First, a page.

I’m thinking about church, which is ordinary for me. I’m thinking that some of the things that are true for businesses and communities are also true for churches. So think about this: 2016 was another year of bad news for brick-and-mortar businesses, as the percent of business going to online shopping went up yet again. We live in a town with more brick and mortar than we currently know how to use, because we have half the people we used to have.
The same goes for churches. The vast majority of churches in Albion were built in an era when most people went to church every week. Nowadays, not only are there half as many people in town, but a lower percent of those go to church, and most of those folks go much less often than they used to. It’s hard to justify all the bricks and mortar, but here we are with huge piles of it standing around.
That said, let me put in a good word for church buildings. You can translate it to other kinds of buildings if you want. It seems as though the alternatives to “going to church” are not really working very well. There are things we need that are just better when we are physically together in one place.
First is that community thing. There’s no substitute for actually being in the presence of people who know you and are delighted to see you, who give you a sense of belonging, and who check up on you when you’re not there. Ask a regular church-goer what they value about it, and that community thing will probably be at the top of the list. Ask someone else what seems to be missing in most of our modern lives, and the same community thing will likely be at the top of the list. Hm. Could it be that actually getting together in one place together every week could be one of the most effective answers to that pervasive sense of disconnect that swallows us up so often?
Second is what I’ll call quality control. Facebook and Reddit are proof that there’s plenty of bad information, and theological claptrap, out there begging for our attention. It keeps rising to the top because it comes with pretty pictures and Hallmark-style sentiment, but plenty of it is damaging simply because it replaces genuine content with vacuous nonsense. By the same token, there are plenty of wealthy preachers around America who can smile a big smile, put on a good show, and then present untruths and half-truths as truth. They not accountable to anyone, and especially not to the broad and deep Christian tradition, to the wisdom of Jesus, or to the difficult words of Scripture. Where’s the quality control department? Admittedly, we can say the same about plenty of brick-and-mortar churches, if the people who attend don’t hold their pastors and teachers accountable for the truth. But the fact remains that if you want to get a good grasp on the ancient messages of Jesus, the best way is to attend a church where 1) the pastor preaches week after week on a variety of topics connected to Scripture, and 2) the pastor has had to prove himself or herself to a group of other pastors who have approved the pastor’s competence to represent our incredibly deep and rich tradition.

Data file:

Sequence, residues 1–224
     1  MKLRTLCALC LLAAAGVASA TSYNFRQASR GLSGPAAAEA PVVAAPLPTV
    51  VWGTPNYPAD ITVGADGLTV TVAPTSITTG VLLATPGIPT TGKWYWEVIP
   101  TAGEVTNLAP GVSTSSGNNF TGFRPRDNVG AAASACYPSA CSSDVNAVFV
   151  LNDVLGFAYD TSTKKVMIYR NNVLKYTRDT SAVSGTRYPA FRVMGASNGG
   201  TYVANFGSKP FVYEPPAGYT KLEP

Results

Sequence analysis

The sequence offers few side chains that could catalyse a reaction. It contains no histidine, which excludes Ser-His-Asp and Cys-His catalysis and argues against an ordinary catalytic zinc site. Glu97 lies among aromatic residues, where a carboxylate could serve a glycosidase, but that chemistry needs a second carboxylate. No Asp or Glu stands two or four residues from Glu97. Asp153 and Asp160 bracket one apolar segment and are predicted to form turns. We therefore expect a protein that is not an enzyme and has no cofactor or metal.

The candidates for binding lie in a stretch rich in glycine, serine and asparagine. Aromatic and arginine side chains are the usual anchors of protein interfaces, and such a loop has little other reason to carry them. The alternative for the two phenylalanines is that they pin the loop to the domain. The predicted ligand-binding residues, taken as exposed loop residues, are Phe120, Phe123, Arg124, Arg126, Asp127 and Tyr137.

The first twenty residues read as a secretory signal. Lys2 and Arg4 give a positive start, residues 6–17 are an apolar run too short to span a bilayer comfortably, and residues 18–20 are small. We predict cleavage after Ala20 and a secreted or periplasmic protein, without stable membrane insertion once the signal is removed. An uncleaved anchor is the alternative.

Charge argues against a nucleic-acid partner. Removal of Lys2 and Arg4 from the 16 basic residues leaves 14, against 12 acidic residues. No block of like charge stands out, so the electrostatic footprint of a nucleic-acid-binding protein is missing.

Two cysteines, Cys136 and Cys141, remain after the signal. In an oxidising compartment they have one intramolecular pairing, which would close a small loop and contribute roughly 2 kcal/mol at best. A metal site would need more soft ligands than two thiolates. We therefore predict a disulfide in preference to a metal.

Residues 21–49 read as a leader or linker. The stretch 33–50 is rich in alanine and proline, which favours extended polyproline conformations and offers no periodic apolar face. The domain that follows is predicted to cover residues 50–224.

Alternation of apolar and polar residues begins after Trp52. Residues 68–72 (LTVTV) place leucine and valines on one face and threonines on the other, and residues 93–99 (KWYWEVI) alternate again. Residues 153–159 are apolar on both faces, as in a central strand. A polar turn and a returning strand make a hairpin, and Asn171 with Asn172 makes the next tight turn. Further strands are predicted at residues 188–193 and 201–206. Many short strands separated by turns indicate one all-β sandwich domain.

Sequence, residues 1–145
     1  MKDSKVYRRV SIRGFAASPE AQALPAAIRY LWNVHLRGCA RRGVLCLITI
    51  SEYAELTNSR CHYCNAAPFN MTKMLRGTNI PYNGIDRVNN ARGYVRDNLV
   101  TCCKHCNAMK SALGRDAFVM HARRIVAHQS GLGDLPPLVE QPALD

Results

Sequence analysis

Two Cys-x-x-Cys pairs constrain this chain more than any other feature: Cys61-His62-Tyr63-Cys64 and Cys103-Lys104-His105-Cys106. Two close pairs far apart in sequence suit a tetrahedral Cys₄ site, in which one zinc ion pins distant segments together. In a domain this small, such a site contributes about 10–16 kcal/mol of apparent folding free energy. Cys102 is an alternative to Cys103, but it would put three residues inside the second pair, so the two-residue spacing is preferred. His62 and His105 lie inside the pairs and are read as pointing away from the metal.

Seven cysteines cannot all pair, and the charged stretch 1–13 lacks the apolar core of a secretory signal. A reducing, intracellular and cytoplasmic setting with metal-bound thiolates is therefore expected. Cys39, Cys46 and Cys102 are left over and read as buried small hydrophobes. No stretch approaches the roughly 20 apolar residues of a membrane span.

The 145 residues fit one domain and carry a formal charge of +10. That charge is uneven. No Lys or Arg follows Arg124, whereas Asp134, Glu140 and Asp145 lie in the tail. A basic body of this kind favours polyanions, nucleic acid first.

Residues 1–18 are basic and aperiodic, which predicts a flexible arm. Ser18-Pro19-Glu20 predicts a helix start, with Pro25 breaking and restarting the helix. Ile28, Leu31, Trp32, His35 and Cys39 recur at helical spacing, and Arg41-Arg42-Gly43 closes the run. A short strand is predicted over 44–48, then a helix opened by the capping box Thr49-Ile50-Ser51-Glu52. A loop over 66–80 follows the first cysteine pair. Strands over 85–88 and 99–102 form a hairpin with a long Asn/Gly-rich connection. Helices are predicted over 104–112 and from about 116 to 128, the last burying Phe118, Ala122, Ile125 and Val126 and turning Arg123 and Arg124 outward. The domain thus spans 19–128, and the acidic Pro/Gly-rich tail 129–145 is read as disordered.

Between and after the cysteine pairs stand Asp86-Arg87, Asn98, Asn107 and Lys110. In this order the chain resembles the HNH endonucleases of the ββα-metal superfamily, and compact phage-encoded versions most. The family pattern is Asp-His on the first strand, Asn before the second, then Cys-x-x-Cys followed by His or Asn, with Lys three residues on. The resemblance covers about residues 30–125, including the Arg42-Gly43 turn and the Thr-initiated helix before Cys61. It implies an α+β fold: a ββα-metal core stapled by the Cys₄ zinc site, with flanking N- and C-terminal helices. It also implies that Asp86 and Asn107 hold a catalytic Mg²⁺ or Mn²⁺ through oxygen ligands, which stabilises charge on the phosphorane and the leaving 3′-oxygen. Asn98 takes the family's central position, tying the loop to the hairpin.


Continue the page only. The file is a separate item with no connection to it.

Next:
Yes, I’m giving you the old line: “Go to church!” I’m not telling you this out of some antiquated moral obligation. I am, in the words of parents everywhere, telling you this for your own good. It will help make you both happier and wiser. Sometimes the old line is right. Our bricks and mortar are at 600 East Michigan Avenue in Albion. Worship is at 10 on Sundays.